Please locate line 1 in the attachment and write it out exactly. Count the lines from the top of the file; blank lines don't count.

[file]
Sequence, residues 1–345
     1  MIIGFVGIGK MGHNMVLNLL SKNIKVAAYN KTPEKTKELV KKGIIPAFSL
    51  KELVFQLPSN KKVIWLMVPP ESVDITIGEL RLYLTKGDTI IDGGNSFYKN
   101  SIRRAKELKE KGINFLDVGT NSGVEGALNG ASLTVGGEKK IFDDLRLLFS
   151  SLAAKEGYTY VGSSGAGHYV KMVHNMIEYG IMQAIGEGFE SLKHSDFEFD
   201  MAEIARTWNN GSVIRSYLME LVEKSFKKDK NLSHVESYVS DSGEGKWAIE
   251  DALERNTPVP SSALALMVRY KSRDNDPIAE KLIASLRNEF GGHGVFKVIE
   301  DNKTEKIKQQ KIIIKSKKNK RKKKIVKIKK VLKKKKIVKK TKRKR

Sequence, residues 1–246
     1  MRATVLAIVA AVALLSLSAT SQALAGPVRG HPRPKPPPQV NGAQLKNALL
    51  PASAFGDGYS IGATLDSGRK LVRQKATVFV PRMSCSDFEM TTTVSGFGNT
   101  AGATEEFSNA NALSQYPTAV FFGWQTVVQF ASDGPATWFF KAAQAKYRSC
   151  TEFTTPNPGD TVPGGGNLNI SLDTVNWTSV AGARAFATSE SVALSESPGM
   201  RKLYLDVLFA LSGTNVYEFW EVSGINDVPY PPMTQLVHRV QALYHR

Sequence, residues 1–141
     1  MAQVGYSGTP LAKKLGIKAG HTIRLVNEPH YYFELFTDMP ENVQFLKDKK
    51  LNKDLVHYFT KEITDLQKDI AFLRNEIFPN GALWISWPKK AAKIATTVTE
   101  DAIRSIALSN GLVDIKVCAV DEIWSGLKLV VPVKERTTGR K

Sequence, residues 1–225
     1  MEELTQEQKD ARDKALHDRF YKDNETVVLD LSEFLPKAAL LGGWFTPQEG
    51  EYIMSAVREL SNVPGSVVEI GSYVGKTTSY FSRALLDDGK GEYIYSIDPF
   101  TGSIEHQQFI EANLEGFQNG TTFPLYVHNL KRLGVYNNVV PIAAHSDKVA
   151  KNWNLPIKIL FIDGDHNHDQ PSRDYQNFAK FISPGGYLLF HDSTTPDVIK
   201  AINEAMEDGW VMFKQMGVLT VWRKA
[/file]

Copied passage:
Sequence, residues 1–345